JONATHAN HARKER'S JOURNAL
(Kept in shorthand.)
29 June.—To-day is the date of my last letter, and the Count has taken steps to prove that it was genuine, for again I saw him leave the castle by the same window, and in my clothes. As he went down the wall, lizard fashion, I wished I had a gun or some lethal weapon, that I might destroy him; but I fear that no weapon wrought alone by man's hand would have any effect on him. I dared not wait to see him return, for I feared to see those weird sisters. I came back to the library, and read there till I fell asleep.
I was awakened by the Count, who looked at me as grimly as a man can look as he said:—
"To-morrow, my friend, we must part. You return to your beautiful England, I to some work which may have such an end that we may never meet. Your letter home has been despatched; to-morrow I shall not be here, but all shall be ready for your journey. In the morning come the Szgany, who have some labours of their own here, and also come some Slovaks. When they have gone, my carriage shall come for you, and shall bear you to the Borgo Pass to meet the diligence from Bukovina to Bistritz. But I am in hopes that I shall see more of you at Castle Dracula." I suspected him, and determined to test his sincerity. Sincerity! It seems like a profanation of the word to write it in connection with such a monster, so asked him point-blank:—
"Why may I not go to-night?"
"Because, dear sir, my coachman and horses are away on a mission."
"But I would walk with pleasure. I want to get away at once." He smiled, such a soft, smooth, diabolical smile that I knew there was some trick behind his smoothness. He said:—
"And your baggage?"
"I do not care about it. I can send for it some other time."
The Count stood up, and said, with a sweet courtesy which made me rub my eyes, it seemed so real:—
"You English have a saying which is close to my heart, for its spirit is that which rules our boyars: 'Welcome the coming; speed the parting guest.' Come with me, my dear young friend. Not an hour shall you wait in my house against your will, though sad am I at your going, and that you so suddenly desire it. Come!" With a stately gravity, he, with the lamp, preceded me down the stairs and along the hall. Suddenly he stopped.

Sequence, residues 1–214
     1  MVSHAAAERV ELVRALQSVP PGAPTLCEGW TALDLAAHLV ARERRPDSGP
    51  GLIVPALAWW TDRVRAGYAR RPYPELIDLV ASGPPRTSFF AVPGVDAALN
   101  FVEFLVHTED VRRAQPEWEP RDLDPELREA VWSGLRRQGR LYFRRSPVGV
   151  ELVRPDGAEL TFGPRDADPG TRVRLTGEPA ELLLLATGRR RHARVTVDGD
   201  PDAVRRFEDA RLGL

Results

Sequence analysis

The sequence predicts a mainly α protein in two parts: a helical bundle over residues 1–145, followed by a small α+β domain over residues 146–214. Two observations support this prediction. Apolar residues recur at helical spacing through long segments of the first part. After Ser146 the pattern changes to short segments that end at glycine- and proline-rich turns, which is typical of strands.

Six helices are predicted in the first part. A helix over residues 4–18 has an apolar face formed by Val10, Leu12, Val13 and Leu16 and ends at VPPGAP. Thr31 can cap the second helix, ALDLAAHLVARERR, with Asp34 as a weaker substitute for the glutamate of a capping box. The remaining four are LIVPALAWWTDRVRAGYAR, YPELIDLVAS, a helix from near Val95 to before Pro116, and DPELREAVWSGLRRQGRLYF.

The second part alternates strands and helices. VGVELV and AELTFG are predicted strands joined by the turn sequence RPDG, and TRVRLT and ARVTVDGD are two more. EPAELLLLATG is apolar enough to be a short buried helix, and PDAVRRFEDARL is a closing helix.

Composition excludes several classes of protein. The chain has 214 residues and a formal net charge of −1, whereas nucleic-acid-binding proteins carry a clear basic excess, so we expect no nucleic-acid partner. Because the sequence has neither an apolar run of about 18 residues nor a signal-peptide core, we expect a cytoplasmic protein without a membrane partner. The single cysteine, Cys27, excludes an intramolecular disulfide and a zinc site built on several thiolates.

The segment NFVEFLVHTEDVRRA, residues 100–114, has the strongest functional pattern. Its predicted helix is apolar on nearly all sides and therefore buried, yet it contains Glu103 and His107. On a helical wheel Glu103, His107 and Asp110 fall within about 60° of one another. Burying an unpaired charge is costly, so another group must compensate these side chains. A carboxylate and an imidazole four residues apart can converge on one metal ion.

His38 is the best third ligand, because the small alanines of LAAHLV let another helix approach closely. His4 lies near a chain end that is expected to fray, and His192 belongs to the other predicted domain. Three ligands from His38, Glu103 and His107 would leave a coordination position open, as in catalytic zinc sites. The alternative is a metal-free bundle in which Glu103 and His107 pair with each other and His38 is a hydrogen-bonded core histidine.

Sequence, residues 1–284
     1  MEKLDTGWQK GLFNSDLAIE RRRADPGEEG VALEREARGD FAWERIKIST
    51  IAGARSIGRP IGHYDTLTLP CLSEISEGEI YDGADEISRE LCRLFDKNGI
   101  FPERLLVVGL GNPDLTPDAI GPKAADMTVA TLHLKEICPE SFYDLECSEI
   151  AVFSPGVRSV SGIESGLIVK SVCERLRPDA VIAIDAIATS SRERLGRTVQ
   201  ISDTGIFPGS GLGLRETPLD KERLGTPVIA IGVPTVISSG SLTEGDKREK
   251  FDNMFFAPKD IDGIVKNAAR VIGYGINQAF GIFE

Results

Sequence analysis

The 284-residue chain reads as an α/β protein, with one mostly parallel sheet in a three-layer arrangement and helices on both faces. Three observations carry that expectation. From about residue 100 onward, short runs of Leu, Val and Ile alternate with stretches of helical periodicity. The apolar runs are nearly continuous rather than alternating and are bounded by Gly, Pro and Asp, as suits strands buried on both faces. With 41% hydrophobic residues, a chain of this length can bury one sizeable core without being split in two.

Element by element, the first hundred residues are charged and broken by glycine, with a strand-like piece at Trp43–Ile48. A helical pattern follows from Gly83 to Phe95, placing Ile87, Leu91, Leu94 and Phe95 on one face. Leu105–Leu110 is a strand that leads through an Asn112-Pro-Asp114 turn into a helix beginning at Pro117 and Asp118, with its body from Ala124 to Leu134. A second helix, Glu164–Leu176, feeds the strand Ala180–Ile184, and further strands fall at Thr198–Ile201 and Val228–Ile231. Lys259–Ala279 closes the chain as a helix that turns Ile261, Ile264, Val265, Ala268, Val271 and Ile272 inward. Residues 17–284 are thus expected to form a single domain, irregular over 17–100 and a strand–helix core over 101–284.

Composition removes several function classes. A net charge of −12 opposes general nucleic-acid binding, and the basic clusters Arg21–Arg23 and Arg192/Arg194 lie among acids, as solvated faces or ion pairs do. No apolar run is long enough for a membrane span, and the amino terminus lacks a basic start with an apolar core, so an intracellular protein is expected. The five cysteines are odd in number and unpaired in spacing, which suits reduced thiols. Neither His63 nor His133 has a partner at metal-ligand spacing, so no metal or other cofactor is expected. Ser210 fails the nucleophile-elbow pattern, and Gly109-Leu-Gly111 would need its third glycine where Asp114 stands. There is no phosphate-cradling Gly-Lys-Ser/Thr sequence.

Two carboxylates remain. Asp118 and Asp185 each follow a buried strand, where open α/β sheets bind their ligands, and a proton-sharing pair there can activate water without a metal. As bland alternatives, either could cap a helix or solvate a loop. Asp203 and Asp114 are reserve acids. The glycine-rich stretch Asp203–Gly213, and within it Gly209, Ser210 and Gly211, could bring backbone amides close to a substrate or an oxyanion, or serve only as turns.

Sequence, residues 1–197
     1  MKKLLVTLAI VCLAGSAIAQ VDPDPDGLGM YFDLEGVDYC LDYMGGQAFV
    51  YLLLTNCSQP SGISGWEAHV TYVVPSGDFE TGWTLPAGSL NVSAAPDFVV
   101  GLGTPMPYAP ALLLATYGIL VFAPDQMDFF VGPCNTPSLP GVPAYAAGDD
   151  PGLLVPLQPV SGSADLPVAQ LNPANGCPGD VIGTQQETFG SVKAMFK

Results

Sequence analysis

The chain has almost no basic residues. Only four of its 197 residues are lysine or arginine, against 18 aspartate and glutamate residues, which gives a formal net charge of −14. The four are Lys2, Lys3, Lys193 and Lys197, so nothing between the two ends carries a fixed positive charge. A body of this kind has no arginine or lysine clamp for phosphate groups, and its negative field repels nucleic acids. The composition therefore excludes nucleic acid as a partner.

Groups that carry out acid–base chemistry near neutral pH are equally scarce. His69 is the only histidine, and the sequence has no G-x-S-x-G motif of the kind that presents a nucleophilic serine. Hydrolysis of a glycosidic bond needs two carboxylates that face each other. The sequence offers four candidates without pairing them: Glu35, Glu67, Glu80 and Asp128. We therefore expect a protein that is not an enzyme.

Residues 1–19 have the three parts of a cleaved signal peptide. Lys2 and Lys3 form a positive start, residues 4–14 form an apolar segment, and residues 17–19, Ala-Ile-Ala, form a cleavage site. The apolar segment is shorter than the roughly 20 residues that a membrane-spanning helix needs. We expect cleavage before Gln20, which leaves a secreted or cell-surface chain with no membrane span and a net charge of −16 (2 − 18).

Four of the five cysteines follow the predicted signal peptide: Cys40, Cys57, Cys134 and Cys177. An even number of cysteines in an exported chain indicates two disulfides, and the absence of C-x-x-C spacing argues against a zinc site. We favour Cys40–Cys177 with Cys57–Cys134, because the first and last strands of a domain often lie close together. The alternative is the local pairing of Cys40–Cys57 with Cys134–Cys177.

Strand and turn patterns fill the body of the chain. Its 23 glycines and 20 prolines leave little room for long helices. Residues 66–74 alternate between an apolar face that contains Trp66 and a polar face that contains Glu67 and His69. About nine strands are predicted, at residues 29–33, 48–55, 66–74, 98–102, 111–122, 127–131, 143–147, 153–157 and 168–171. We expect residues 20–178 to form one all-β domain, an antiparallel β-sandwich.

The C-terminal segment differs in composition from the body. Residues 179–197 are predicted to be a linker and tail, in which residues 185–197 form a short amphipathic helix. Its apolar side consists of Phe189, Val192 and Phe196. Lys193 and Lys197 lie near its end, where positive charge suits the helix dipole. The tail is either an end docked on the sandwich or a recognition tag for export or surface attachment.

Close at hand came the howling of many wolves. It was almost as if the sound sprang up at the rising of his hand, just as the music of a great orchestra seems to leap under the bâton of the conductor. After a pause of a moment, he proceeded, in his stately way, to the door, drew back the ponderous bolts, unhooked the heavy chains, and began to draw it open.
To my intense astonishment I saw that it was unlocked. Suspiciously, I looked all round, but could see no key of any kind.
As the door began to open, the howling of the wolves without grew louder and angrier; their red jaws, with champing teeth, and their blunt-clawed feet as they leaped, came in through the opening door. I knew then that to struggle at the moment against the Count was useless. With such allies as these at his command, I could do nothing. But still the door continued slowly to open, and only the Count's body stood in the gap. Suddenly it struck me that this might be the moment and means of my doom; I was to be given to the wolves, and at my own instigation. There was a diabolical wickedness in the idea great enough for the Count, and as a last chance I cried out:—
"Shut the door; I shall wait till morning!" and covered my face with my hands to hide my tears of bitter disappointment. With one sweep of his powerful arm, the Count threw the door shut, and the great bolts clanged and echoed through the hall as they shot back into their places.
In silence we returned to the library, and after a minute or two I went to my own room. The last I saw of Count Dracula was his kissing his hand to me; with a red light of triumph in his eyes, and with a smile that Judas in hell might be proud of.
When I was in my room and about to lie down, I thought I heard a whispering at my door. I went to it softly and listened. Unless my ears deceived me, I heard the voice of the Count:—
"Back, back, to your own place! Your time is not yet come. Wait! Have patience! To-night is mine. To-morrow night is yours!" There was a low, sweet ripple of laughter, and in a rage I threw open the door, and saw without the three terrible women licking their lips. As I appeared they all joined in a horrible laugh, and ran away.
I came back to my room and threw myself on my knees. It is then so near the end? To-morrow! to-morrow! Lord, help me, and those to whom I am dear!